A major challenge in making cities smarter is performing comparative analyses across two or more cities, or within a city across two or more departments. The problem is that data models and the underlying semantics of their content differ, making analysis difficult at best and erroneous at worst. This paper explores the hypothesis that a single, interoperable (i.e., shareable) data model/ontology can be designed for one category of city data: openly published 311 call centre data. 311 is a service provided by many North American cities that responds to non-emergency questions and reports made by the public. It has rapidly become the single point of contact for city services, inquiries, etc. We perform a semantic analysis of the content of 311 open datasets from four cities. The result of the analysis is that existing 311 datasets combine multiple semantic dimensions in their data making it impossible to perform comparative analysis. We then construct a 311 Reference Ontology that separates the semantic dimensions, and show how 311 data from multiple cities can be mapped onto the 311 Reference Ontology.  We also demonstrate how the ontology can be used to support analysis

368 Views, 55 PDF Downloads
Jason Ng


Smart cities have gained widespread interests in the recent years. However, the understanding of the subject can differ among different smart cities' communities, particularly across the academia, industry, and government sectors. Similarly, the approach towards the realization of smart cities can vary from one city to the other, depending on their standpoints and perspectives. These are largely due to the subject matter at hand which is not only inherently interdisciplinary but also all-encompassing in nature, hence resulting in the wide heterogeneity in the treatment of the subject. The purpose of this paper is thus aimed to summarize the basic pertinent understanding of smart cities (in terms of “why”, “what”, “who”, “when”, “where”) as well as to put forward the various key approaches in smart cities (in terms of “how”). From there, a smarter approach towards smart cities is then delineated taking into account the considerations of the government, providers and consumers in order to attain an overall win-win benefit for all the stakeholders involved. It is meant to be a short and concise paper for both practitioners and researchers, (1) who are in the field to gain a additional insight into the subject or (2) who are new in the field to get an introductory overview of the subject, so as to obtain a better understanding in the approach towards smart cities that is relevant to their individual context.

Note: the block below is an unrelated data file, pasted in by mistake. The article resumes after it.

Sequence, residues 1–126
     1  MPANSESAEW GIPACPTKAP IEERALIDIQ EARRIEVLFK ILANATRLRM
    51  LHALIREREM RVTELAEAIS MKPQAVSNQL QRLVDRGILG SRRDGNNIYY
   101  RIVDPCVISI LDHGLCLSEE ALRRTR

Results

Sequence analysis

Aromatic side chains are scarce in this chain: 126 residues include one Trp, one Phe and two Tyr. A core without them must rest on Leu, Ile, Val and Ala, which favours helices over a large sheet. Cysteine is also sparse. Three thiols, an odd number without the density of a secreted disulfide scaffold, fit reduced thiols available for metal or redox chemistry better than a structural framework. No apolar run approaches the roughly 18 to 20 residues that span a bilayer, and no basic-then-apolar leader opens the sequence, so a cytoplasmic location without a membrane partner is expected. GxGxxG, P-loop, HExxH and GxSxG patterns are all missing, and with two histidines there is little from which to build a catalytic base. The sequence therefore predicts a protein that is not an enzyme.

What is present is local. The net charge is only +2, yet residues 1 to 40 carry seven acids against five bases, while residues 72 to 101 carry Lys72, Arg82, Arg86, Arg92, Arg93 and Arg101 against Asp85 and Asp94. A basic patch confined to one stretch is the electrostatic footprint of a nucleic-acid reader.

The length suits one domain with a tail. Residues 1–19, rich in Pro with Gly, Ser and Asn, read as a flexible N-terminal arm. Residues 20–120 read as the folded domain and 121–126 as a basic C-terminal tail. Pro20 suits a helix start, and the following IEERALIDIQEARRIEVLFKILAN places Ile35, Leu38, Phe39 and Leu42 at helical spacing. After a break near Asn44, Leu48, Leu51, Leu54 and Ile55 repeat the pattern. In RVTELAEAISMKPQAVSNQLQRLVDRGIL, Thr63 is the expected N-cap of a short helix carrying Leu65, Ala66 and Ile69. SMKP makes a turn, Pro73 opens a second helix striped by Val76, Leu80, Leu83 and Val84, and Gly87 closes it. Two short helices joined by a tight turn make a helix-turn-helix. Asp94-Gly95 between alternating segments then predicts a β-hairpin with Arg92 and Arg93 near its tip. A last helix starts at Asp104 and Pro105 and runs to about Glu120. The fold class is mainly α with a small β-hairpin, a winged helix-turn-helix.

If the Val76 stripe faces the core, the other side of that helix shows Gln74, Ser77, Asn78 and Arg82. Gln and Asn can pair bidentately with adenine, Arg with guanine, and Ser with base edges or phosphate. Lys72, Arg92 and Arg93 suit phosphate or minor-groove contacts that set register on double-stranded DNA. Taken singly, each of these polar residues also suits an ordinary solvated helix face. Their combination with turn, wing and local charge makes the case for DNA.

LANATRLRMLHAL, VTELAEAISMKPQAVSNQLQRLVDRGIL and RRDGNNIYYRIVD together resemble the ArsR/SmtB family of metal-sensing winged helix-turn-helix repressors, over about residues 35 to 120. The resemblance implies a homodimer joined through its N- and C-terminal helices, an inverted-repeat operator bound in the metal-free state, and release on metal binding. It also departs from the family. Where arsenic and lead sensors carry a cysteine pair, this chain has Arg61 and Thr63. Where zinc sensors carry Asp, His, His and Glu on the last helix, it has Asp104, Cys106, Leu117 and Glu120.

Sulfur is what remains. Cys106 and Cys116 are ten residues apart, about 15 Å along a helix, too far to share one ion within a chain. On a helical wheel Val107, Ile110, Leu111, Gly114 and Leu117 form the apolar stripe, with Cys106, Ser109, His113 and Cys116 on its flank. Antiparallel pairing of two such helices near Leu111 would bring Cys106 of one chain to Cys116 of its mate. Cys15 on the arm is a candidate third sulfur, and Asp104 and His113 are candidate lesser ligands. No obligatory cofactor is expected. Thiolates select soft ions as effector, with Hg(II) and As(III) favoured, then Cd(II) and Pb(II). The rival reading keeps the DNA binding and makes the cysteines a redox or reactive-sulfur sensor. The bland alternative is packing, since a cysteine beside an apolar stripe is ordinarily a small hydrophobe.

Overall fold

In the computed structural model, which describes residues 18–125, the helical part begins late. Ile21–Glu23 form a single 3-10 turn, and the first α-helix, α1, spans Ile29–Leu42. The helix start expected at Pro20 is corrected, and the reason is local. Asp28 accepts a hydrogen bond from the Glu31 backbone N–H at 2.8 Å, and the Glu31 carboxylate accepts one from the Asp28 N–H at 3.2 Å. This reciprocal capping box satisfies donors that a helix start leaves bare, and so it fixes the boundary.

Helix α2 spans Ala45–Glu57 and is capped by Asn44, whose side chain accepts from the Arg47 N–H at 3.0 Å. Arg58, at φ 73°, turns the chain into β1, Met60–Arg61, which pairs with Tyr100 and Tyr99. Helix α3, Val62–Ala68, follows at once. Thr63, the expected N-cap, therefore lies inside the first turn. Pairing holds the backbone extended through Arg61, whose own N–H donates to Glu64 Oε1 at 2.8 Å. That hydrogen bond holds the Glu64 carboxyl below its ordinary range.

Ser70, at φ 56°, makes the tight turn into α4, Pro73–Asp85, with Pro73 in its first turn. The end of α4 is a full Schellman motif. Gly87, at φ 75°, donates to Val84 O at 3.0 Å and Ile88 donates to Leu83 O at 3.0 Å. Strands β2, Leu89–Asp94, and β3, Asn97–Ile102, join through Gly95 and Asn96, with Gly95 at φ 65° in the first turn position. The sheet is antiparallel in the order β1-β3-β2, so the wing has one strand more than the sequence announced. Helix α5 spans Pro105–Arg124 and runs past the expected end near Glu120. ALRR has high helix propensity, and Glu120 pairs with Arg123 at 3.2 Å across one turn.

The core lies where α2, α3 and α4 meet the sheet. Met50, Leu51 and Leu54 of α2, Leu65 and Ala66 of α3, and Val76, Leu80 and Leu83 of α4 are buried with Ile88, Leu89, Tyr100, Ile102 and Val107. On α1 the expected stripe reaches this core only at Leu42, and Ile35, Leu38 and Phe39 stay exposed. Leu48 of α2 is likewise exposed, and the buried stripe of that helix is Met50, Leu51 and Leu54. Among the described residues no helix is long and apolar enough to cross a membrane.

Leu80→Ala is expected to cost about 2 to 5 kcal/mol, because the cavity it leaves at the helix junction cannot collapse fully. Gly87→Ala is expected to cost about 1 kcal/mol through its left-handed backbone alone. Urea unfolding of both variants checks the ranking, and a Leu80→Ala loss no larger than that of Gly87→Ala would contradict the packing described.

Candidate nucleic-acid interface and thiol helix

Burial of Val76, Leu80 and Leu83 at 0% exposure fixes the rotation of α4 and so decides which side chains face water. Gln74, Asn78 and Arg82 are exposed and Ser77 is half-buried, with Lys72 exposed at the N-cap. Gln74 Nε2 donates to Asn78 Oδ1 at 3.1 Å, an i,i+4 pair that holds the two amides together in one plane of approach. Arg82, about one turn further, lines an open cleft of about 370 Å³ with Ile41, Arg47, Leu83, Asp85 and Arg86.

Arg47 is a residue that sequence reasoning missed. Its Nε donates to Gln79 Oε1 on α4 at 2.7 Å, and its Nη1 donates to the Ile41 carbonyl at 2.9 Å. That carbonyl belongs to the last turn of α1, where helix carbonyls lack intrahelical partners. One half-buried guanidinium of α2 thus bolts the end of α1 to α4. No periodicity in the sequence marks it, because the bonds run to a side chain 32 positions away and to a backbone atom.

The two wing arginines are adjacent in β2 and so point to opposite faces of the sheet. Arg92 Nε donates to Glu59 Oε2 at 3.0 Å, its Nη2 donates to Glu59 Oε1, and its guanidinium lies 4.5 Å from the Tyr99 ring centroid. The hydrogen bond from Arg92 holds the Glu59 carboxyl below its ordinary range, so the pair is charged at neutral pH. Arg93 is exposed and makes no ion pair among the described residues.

345 Views, 96 PDF Downloads
Kwi-Gon Kim


Currently, there is no overarching model to integrating city planning, smart techniques and climate change. After reviewing the existing literature on the theoretical framework of smart water grid, this paper describes three case studies focusing on innovative technology placement and network of smart water grids in Fiji islands, Nepal and the Philippines. Then, based on the case study results, this study develops an alternative grid development pattern scenario model. The model shows ecology-water-energy-climate change nexus which allows for simulating and predicting the effects of smart water grid on the urban ecosystem and net carbon emissions.